Forskning ved Københavns Universitet - Københavns Universitet


Defining the phenotypic spectrum of SLC6A1 mutations

Publikation: Bidrag til tidsskriftTidsskriftartikel

  • Katrine M. Johannesen
  • Elena Gardella
  • Tarja Linnankivi
  • Carolina Courage
  • Anne de Saint Martin
  • Anna Elina Lehesjoki
  • Cyril Mignot
  • Alexandra Afenjar
  • Gaetan Lesca
  • Marie Thérèse Abi-Warde
  • Jamel Chelly
  • Amélie Piton
  • J. Lawrence Merritt
  • Lance H. Rodan
  • Wen Hann Tan
  • Lynne M. Bird
  • Mark Nespeca
  • Joseph G. Gleeson
  • Yongjin Yoo
  • Murim Choi
  • Jong Hee Chae
  • Desiree Czapansky-Beilman
  • Sara Chadwick Reichert
  • Manuela Pendziwiat
  • Judith S. Verhoeven
  • Helenius J. Schelhaas
  • Orrin Devinsky
  • Jakob Christensen
  • Nicola Specchio
  • Marina Trivisano
  • Yvonne G. Weber
  • Caroline Nava
  • Boris Keren
  • Diane Doummar
  • Elise Schaefer
  • Sarah Hopkins
  • Holly Dubbs
  • Jessica E. Shaw
  • Laura Pisani
  • Candace T. Myers
  • Sha Tang
  • Shan Tang
  • Deb K. Pal
  • John J. Millichap
  • Gemma L. Carvill
  • Kathrine L. Helbig
  • Oriano Mecarelli
  • Pasquale Striano
  • Ingo Helbig
  • Heather C Mefford
  • Rikke S. Møller

Objective: Pathogenic SLC6A1 variants were recently described in patients with myoclonic atonic epilepsy (MAE) and intellectual disability (ID). We set out to define the phenotypic spectrum in a larger cohort of SCL6A1-mutated patients. Methods: We collected 24 SLC6A1 probands and 6 affected family members. Four previously published cases were included for further electroclinical description. In total, we reviewed the electroclinical data of 34 subjects. Results: Cognitive development was impaired in 33/34 (97%) subjects; 28/34 had mild to moderate ID, with language impairment being the most common feature. Epilepsy was diagnosed in 31/34 cases with mean onset at 3.7 years. Cognitive assessment before epilepsy onset was available in 24/31 subjects and was normal in 25% (6/24), and consistent with mild ID in 46% (11/24) or moderate ID in 17% (4/24). Two patients had speech delay only, and 1 had severe ID. After epilepsy onset, cognition deteriorated in 46% (11/24) of cases. The most common seizure types were absence, myoclonic, and atonic seizures. Sixteen cases fulfilled the diagnostic criteria for MAE. Seven further patients had different forms of generalized epilepsy and 2 had focal epilepsy. Twenty of 31 patients became seizure-free, with valproic acid being the most effective drug. There was no clear-cut correlation between seizure control and cognitive outcome. Electroencephalography (EEG) findings were available in 27/31 patients showing irregular bursts of diffuse 2.5-3.5 Hz spikes/polyspikes-and-slow waves in 25/31. Two patients developed an EEG pattern resembling electrical status epilepticus during sleep. Ataxia was observed in 7/34 cases. We describe 7 truncating and 18 missense variants, including 4 recurrent variants (Gly232Val, Ala288Val, Val342Met, and Gly362Arg). Significance: Most patients carrying pathogenic SLC6A1 variants have an MAE phenotype with language delay and mild/moderate ID before epilepsy onset. However, ID alone or associated with focal epilepsy can also be observed.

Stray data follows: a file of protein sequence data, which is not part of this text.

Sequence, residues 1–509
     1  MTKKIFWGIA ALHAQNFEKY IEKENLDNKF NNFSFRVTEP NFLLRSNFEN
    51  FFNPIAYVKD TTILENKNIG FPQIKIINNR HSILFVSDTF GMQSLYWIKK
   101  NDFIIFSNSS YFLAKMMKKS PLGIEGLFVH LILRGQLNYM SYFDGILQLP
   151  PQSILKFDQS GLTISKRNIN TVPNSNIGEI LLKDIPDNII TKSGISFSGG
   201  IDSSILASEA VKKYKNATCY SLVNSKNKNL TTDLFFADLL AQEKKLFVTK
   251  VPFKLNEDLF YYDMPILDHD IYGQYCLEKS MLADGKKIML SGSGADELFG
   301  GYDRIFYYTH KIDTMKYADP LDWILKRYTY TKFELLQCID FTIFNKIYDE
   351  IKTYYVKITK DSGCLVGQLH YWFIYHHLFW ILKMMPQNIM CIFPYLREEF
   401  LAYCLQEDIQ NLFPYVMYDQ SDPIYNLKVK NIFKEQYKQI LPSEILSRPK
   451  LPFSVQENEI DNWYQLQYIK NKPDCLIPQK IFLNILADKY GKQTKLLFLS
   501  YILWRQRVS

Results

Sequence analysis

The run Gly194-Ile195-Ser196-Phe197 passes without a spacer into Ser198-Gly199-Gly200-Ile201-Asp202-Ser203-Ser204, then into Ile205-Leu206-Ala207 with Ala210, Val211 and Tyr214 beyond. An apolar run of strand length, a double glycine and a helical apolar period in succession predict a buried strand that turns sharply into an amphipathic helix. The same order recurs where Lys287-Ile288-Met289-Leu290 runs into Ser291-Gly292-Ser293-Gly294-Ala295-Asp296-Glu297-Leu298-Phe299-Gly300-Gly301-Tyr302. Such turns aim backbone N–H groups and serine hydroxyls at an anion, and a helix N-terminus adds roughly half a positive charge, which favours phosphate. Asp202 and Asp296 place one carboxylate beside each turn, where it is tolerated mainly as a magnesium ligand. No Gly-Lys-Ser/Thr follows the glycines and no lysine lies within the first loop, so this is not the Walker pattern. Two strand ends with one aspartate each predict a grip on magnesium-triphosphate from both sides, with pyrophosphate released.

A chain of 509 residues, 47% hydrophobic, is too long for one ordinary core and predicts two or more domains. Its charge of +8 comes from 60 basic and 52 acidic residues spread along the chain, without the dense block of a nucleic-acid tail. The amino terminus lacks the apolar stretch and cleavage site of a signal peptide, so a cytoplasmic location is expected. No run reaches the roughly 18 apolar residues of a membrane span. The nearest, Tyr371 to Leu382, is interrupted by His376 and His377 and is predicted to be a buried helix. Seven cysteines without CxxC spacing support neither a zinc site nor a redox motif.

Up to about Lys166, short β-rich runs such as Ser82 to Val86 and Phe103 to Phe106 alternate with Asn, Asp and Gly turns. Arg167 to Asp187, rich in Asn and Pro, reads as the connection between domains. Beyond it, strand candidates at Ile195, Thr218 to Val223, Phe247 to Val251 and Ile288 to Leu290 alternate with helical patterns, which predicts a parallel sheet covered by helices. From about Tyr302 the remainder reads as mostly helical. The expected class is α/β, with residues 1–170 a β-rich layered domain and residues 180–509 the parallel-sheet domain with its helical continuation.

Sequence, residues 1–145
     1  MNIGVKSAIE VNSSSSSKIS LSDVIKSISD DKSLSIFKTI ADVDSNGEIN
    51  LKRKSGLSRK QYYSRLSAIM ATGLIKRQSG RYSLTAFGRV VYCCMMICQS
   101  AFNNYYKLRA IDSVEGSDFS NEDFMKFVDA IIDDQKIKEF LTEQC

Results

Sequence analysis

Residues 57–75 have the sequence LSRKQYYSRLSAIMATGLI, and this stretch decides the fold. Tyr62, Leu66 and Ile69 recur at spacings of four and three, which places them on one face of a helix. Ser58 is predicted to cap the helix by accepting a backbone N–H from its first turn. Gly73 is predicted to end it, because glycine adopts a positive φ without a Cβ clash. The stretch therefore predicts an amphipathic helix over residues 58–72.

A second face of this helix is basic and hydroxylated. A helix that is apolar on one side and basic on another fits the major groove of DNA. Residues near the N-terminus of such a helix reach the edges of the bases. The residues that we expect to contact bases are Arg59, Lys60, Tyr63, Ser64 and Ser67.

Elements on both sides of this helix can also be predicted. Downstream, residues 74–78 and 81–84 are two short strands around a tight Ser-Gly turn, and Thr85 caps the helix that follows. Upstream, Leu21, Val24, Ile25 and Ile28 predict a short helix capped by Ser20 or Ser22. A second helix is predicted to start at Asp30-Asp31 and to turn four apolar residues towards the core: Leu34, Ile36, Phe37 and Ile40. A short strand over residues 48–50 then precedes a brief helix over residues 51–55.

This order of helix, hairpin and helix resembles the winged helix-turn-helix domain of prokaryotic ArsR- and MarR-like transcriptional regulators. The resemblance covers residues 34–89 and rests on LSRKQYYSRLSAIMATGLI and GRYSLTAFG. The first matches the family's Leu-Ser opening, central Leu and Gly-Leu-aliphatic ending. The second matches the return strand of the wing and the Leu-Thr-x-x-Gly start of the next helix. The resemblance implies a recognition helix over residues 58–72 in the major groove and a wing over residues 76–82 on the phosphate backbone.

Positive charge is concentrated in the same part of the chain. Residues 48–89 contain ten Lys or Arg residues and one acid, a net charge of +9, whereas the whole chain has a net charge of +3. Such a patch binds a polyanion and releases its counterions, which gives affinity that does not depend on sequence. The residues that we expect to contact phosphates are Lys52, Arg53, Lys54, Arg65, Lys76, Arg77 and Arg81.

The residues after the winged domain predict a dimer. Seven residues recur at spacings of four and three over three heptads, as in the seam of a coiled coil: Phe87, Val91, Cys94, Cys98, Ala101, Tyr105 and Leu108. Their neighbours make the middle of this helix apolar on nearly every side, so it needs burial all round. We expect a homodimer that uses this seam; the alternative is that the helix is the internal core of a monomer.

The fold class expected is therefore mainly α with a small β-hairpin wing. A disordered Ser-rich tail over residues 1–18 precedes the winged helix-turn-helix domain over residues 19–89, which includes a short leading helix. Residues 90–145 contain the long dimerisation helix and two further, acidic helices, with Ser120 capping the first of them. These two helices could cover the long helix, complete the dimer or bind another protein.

Udgave nummer2
Sider (fra-til)389-402
Antal sider14
StatusUdgivet - feb. 2018

ID: 190432916